US Department of Energy Calls for Expanding Federal Incentives for Offshore Wind

Expanding federal incentives related to offshore wind in the US would increase demand for offshore wind energy and grow the domestic supply chain at lower cost, according to the latest report from the US Department of Energy (DOE), which also listed four other strategic priority areas that could help the country achieve its goal of deploying 30 GW of offshore wind by 2030 and thus supporting the creation of 77,000 jobs.

Illustration; Coastal Virginia Offshore Wind (CVOW) demo project, first wind turbines in US federal waters; Photo: Dominion Energy

With the existing 30 per cent investment tax credit for offshore wind set to expire in 2025, not supporting offshore wind projects expected to begin construction in 2026 or later, the report recommends extended or expanded tax incentives. Furthermore, the DOE also suggests establishing new tax credits to support the development of the domestic supply chain, especially in manufacturing and port facilities.

“To achieve the national 30-GW-by-2030 deployment goal, it will likely be necessary to continue and expand incentives at the state and Federal levels”, the Offshore Wind Energy Strategies report states, saying that incentives at the federal level could also promote economic development, job creation, and community economic benefits.

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While technology-neutral incentives may be the most efficient way to accelerate the deployment of clean energy technologies overall, they would favour those with lower cost in the near term, which are currently land-based renewable energy technologies. Therefore, targeted incentives for offshore wind could accelerate technology maturation, cost reduction, and deployment of this particular technology.

“Ambitious state targets—totaling 39 GW by 2040—have been the primary driver for offshore wind development to date, but until offshore wind energy is more broadly competitive with other sources of electricity, its deployment may be constrained to these states in the absence of the market demand created by specific national policy support”, the report says.

Extending the tax credit for all offshore wind deployment can help realise consistent industry growth and maximise economic benefits, while incentives for other parts of the sector could stimulate investment in offshore wind installation vessels, port equipment, and manufacturing facilities.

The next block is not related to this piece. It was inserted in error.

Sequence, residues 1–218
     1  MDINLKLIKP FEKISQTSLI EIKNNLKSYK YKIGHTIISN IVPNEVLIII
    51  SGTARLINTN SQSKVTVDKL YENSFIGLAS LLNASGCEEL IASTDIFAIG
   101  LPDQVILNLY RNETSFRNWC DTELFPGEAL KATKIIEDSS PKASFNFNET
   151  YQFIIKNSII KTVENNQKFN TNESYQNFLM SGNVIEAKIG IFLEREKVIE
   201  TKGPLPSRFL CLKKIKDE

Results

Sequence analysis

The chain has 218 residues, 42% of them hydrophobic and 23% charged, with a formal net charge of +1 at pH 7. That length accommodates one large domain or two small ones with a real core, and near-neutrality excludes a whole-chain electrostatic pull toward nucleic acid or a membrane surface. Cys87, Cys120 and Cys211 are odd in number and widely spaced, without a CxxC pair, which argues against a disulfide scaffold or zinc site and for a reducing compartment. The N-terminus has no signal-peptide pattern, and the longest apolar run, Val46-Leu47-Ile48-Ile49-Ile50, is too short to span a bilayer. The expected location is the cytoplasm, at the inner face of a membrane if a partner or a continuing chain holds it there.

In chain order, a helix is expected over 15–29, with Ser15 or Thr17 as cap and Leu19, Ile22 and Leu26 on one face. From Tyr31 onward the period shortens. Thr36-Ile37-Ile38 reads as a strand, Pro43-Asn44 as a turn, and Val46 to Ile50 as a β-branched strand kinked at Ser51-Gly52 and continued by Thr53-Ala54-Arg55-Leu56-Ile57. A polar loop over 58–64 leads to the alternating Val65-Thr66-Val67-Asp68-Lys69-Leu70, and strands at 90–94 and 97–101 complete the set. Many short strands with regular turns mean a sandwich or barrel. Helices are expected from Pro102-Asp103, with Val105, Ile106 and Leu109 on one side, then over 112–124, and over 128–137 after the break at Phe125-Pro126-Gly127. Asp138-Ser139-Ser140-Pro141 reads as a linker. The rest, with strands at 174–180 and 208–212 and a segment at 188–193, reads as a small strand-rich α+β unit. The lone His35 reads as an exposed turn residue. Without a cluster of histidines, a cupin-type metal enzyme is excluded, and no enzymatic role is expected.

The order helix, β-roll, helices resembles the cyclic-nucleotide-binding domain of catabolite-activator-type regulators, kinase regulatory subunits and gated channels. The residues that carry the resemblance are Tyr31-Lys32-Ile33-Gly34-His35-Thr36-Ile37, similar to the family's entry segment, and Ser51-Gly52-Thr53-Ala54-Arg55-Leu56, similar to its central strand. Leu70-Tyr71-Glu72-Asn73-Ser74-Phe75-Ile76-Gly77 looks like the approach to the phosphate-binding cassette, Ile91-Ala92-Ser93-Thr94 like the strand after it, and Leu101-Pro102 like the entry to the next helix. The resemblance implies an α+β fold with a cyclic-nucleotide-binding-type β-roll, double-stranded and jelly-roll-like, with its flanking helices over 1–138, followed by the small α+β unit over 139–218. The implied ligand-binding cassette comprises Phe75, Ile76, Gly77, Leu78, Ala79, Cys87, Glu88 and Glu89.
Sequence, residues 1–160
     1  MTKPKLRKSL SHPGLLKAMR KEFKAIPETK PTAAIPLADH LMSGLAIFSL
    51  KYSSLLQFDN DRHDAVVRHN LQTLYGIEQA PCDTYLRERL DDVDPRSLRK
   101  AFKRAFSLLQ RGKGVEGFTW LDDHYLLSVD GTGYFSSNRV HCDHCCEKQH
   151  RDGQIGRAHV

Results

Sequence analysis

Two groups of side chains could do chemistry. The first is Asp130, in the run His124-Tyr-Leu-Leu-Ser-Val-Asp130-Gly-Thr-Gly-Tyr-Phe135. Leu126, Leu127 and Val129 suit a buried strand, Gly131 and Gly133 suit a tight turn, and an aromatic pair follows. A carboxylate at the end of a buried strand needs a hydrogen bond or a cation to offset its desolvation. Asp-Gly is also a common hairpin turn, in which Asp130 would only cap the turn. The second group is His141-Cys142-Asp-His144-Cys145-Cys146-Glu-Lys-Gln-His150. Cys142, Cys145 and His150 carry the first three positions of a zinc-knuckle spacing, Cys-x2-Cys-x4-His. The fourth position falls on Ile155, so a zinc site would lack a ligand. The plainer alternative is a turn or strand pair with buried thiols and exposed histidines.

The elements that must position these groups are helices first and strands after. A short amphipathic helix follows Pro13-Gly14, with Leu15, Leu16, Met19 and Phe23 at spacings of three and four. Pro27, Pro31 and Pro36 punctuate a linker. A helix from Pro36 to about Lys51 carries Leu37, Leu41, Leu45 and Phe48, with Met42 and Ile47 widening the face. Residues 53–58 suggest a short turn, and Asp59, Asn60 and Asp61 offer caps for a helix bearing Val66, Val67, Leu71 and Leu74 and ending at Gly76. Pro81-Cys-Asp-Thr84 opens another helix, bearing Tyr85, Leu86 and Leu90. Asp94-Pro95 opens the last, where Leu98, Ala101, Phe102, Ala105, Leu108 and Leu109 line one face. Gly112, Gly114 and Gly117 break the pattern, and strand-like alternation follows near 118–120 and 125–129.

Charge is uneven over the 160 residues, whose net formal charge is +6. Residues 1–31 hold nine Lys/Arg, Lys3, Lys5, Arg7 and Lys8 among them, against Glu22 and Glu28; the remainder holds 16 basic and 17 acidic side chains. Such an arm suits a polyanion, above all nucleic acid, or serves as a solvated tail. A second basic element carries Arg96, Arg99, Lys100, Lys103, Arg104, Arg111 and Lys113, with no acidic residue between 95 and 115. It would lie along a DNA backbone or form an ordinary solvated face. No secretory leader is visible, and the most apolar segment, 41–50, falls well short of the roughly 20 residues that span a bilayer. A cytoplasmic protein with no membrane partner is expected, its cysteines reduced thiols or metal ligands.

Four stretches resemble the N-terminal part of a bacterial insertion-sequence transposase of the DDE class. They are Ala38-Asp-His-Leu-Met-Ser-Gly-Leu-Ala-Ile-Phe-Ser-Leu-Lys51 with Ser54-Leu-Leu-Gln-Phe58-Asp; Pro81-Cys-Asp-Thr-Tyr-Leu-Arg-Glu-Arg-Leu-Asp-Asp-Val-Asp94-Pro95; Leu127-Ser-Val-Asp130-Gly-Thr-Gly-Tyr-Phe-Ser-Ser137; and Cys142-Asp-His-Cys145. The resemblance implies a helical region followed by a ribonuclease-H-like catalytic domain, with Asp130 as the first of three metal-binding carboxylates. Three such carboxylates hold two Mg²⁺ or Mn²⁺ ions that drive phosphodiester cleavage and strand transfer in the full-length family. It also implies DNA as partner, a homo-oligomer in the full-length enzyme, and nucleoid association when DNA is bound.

In the extension of investment tax credits for offshore wind, the DOE also calls for setting up support for floating offshore wind energy projects that may begin construction later than 2025, which would drive economic deployment of floating offshore wind energy technology.

To spur growth of a cost-competitive domestic supply chain, the US should make manufacturing equipment, port-based equipment, and offshore wind vessels eligible for the new tax credit for offshore wind manufacturing facilities, which the report recommends to be established.

“[The] immature US supply chain, lack of suitable port infrastructure, and lack of specialized offshore wind installation vessels could limit rapid offshore wind deployment. Manufacturing incentives could help boost the domestic offshore wind supply chain”, the report states. “Federal and state incentives could include detailed procurement requirements to enhance economic development such as diverse supplier requirements (e.g., small and disadvantaged business set asides) and incentives for local sourcing, job creation, or community ownership”.

Establishing tax credits before large-scale commercial deployment starts would enable simultaneous construction of multiple projects, allow US manufacturers to establish a role in domestic and global markets, and maximise near-term economic benefits, the report states.

The Department of Energy published the new report on 12 January, the same day the Department of the Interior announced an offshore wind auction for the New York Bight, which could lead to up to 7 GW of offshore wind energy capacity being added in the US.

The report was developed with input from other agencies, including the Interior Department’s Bureau of Ocean Energy Management and Bureau of Safety and Environmental Enforcement, the Transportation Department’s Maritime Administration, the Commerce Department’s National Oceanic and Atmospheric Administration, and the Federal Energy Regulatory Commission, as well as DOE’s Office of Electricity, Loan Programs Office, and Advanced Research Projects Agency–Energy.